Jimmy Eat World | All Over the World

In a lot of ways, business decisions are really similar to creative decisions. We operate as democracy.

 
Arizona quartet Jimmy Eat World has been making music for the better part of two decades. And you know what? It’s always good. Somehow, album after album, the band manages to keep it fresh, yet familiar. Last fall’s Invented—the band’s sixth studio album—was yet another hit, with first single “My Best Theory” making best-of lists everywhere (including this very publication’s Comics Editor).
In 2009, the band went on tour playing their seminal 1999 release Clarity from front to back. This summer, after a brief U.S. theater tour, they’ll be hitting the international festival circuit hard and heavy, with stops in Portugal (Optimus Alive), United Kingdom (Glastonbury, Reading, and Leeds), Germany (Highfield, Hurricane, Southfield); Czech Republic (Rock for People), and more.
But first, a headlining tour of the United States, and a chat with drummer Zach Lind. (The band also includes lead vocalist and guitarist Jim Adkins, guitarist and backing vocalist Tom Linton, and bassist Rick Burch.)
 
How is the new album going over on tour?
It seems like the songs are being received really well. They have to kind of sink into the collective conscience of your fans. What’s really been interesting is, the fact that with Chase This Light being out for several years, we noticed a lot bigger reaction to it now than we got when it first came out. I mean, they responded then; they just have bigger responses to the songs now. But we feel like with this record, compared to previous records, it’s gone really well. Compared to the other songs that we’re playing that they’re so familiar with, that they’ve maybe been listening to for 10-plus years…it’s hard to compare.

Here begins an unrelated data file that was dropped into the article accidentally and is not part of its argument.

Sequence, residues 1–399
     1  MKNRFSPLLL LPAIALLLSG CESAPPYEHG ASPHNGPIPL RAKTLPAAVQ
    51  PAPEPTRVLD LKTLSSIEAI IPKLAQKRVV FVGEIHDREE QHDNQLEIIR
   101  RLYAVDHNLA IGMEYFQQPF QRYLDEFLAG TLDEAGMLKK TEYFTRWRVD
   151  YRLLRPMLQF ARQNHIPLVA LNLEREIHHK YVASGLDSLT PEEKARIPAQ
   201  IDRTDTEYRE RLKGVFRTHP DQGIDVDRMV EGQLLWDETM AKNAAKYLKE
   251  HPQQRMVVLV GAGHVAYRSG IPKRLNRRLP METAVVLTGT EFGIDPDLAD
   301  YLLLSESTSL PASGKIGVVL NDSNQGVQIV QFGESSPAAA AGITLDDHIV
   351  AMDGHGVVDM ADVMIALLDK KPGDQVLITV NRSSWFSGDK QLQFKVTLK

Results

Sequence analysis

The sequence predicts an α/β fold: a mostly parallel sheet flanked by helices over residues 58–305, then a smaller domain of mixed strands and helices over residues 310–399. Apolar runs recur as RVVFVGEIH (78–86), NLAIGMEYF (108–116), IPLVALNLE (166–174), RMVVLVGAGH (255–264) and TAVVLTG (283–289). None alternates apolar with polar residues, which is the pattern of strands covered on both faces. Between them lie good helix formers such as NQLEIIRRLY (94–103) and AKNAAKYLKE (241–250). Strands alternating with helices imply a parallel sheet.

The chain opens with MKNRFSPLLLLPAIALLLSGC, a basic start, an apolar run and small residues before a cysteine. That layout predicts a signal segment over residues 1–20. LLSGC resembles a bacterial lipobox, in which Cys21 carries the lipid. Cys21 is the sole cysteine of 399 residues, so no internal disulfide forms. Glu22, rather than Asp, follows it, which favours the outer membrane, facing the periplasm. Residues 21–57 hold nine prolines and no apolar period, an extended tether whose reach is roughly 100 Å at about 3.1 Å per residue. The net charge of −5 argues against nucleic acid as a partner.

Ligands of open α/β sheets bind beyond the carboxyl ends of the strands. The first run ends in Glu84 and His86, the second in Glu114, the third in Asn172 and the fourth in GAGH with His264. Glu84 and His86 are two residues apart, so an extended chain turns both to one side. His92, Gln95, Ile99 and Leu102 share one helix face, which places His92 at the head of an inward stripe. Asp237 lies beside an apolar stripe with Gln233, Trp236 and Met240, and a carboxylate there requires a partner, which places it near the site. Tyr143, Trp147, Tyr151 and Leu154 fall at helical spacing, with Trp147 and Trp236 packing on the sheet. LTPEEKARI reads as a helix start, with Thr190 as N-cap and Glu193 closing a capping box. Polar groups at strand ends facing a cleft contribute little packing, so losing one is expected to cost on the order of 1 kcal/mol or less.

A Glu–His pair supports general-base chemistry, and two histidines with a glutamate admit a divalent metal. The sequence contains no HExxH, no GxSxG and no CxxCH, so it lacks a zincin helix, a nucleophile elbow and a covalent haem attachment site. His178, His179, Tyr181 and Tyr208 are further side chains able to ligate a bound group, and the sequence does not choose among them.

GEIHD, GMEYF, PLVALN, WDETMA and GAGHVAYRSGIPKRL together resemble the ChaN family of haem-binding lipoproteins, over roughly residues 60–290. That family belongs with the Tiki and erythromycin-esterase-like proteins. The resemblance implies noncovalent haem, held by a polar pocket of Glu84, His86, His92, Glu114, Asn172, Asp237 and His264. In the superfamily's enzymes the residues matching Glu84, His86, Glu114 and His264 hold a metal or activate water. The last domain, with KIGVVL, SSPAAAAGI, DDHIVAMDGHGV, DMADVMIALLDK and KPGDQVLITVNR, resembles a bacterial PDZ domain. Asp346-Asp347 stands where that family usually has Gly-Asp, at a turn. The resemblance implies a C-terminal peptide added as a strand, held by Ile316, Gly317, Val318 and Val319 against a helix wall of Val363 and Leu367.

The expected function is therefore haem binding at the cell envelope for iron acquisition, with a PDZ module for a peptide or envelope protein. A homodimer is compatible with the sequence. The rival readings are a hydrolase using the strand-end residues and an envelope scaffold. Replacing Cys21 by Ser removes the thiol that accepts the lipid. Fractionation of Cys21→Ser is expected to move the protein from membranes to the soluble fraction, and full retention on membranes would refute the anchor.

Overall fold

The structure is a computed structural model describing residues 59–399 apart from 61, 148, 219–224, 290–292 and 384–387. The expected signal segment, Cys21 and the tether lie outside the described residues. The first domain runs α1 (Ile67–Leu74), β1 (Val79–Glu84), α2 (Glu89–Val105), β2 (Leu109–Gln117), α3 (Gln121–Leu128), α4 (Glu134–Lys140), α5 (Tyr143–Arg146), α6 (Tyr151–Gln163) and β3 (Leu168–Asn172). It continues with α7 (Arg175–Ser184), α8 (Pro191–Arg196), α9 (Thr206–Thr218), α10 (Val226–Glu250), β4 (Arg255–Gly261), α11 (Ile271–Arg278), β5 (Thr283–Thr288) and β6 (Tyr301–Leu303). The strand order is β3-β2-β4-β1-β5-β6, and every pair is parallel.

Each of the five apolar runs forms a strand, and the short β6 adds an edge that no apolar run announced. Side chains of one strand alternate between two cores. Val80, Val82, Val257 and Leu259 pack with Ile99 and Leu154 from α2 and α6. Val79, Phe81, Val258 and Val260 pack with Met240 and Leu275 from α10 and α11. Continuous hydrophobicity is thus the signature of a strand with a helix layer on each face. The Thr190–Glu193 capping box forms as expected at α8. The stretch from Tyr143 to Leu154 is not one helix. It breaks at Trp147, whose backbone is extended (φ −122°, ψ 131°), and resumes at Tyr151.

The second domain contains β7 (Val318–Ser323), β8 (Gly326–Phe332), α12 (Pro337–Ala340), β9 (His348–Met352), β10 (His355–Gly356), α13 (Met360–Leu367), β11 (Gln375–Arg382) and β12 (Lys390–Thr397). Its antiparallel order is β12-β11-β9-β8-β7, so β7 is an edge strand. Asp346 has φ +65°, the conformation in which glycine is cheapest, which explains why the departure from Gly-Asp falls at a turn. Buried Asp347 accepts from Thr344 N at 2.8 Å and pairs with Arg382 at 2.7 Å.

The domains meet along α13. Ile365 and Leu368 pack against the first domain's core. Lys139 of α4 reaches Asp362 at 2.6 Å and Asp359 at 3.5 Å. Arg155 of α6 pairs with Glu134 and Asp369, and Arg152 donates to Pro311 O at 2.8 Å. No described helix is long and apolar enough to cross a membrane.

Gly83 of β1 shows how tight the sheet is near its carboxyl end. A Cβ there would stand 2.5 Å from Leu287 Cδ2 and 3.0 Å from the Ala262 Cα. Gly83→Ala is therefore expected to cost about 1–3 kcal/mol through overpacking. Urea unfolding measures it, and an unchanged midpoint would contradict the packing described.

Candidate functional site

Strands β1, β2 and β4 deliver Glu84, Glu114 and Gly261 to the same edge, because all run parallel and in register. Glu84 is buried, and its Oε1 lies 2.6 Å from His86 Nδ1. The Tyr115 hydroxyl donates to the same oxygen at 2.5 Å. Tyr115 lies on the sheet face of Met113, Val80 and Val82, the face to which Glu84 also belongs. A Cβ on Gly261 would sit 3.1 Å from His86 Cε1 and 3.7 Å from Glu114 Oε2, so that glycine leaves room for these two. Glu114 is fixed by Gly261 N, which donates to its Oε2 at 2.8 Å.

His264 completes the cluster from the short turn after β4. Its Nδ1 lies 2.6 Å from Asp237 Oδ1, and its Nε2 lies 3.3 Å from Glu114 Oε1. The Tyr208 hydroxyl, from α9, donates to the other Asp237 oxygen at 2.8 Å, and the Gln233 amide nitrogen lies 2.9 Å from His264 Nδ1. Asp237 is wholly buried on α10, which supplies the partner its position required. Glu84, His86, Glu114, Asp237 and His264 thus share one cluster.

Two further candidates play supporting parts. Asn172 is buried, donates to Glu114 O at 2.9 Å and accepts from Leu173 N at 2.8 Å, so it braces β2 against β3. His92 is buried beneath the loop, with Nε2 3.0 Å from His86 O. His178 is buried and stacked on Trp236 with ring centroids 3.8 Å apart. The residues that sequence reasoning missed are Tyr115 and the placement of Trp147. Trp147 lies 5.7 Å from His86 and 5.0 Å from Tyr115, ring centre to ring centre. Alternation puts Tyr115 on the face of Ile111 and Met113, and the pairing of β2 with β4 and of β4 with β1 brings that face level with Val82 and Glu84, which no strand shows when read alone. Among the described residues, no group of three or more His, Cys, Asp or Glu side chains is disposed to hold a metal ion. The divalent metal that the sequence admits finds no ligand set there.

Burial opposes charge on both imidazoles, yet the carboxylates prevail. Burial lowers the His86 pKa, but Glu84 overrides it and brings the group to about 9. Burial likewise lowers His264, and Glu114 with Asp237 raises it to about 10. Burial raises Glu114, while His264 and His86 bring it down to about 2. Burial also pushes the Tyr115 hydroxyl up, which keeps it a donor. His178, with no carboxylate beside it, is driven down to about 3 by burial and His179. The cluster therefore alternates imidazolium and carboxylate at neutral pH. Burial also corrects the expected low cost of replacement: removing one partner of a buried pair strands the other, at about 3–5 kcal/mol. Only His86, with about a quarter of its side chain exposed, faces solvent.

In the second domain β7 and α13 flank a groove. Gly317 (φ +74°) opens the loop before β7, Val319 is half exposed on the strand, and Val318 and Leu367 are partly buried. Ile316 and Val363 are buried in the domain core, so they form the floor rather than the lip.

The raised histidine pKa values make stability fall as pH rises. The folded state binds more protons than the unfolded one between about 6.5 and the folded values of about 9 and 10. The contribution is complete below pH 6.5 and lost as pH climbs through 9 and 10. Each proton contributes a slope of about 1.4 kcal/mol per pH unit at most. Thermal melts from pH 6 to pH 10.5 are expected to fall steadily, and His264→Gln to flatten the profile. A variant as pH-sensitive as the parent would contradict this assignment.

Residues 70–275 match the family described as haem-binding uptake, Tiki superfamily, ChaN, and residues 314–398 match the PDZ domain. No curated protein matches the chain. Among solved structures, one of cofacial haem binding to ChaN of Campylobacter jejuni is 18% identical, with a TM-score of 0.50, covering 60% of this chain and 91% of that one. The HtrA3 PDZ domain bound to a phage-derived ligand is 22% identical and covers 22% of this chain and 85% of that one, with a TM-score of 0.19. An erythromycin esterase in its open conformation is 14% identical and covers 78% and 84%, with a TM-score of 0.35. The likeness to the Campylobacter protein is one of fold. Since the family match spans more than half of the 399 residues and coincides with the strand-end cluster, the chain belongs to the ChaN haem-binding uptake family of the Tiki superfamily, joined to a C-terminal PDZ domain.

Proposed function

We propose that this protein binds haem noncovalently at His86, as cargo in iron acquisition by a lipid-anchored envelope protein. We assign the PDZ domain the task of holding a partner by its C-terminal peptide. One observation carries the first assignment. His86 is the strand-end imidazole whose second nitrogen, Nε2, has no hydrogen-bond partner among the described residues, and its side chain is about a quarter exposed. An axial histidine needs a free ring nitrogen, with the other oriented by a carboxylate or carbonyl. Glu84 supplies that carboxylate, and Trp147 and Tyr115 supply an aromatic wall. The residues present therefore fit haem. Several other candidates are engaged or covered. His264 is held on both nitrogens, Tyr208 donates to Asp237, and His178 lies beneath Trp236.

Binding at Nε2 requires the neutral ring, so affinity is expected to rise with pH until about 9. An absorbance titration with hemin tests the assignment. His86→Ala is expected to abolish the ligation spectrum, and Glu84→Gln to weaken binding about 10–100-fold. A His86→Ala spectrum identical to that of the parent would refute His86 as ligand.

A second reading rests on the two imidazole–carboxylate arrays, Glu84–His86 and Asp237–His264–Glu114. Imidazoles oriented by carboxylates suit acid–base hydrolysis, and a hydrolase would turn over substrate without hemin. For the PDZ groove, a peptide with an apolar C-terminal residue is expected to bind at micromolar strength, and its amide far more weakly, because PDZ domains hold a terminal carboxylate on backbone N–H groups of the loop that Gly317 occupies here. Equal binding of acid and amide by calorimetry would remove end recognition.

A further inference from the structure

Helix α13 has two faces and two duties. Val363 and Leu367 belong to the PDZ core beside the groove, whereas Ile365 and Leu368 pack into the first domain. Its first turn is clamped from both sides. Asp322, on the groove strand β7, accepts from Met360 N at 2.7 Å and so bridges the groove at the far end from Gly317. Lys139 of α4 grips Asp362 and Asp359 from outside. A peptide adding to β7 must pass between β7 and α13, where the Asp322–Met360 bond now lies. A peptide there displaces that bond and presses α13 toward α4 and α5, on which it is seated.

That makes sense. I guess it does take awhile for things to sink in. In terms of 2009’s Clarity tour, of playing the whole album, front to back, did you notice a greater reception of that than when you’d initially toured for Clarity?
Oh yeah definitely. I mean when we first toured on Clarity, we were playing in front of like, 10 people. It was a lot different last time because we were playing in venues much larger. Even with Clarity, even with a record we released over 10 years ago, I think people have connections to songs that grow over time, and those connections make for a really cool experience.
Since we’re talking tours, how do the shows compare when you’re talking about the 200 people to the big festivals you’ve been playing?
There’s a big difference; even going from a theater setting to a festival is a big difference. A small club is intimidating, in a sense, because you see the whites of everyone’s eyes. You’re there with them and there’s no hiding; you’re interacting with an audience of individuals. When you’re playing a big festival, it’s almost like all of the people in the crowd become one entity. Neither one is necessarily better than the other; it’s just a different energy, a totally different experience. They both have their benefits and drawbacks.
You’ve got quite the summer of festivals on tap.
We have a lot of festivals coming up, yeah; should be a lot of fun. The festivals are great because we get to see the other bands we never really get a chance to see. We kind of like that different kind of vibe.
So are you guys out on the road pretty much nonstop this whole year?
We’ll probably be, yeah. Since Invented came out last September, we’ve been kind of on the road off and on. It goes in a cycle.
Does it get tiring?
Yeah, about the fourth week you’re pretty toasted. Fortunately, we haven’t had a lot of tours that go that long. pretty much maximum of three, three and a half weeks.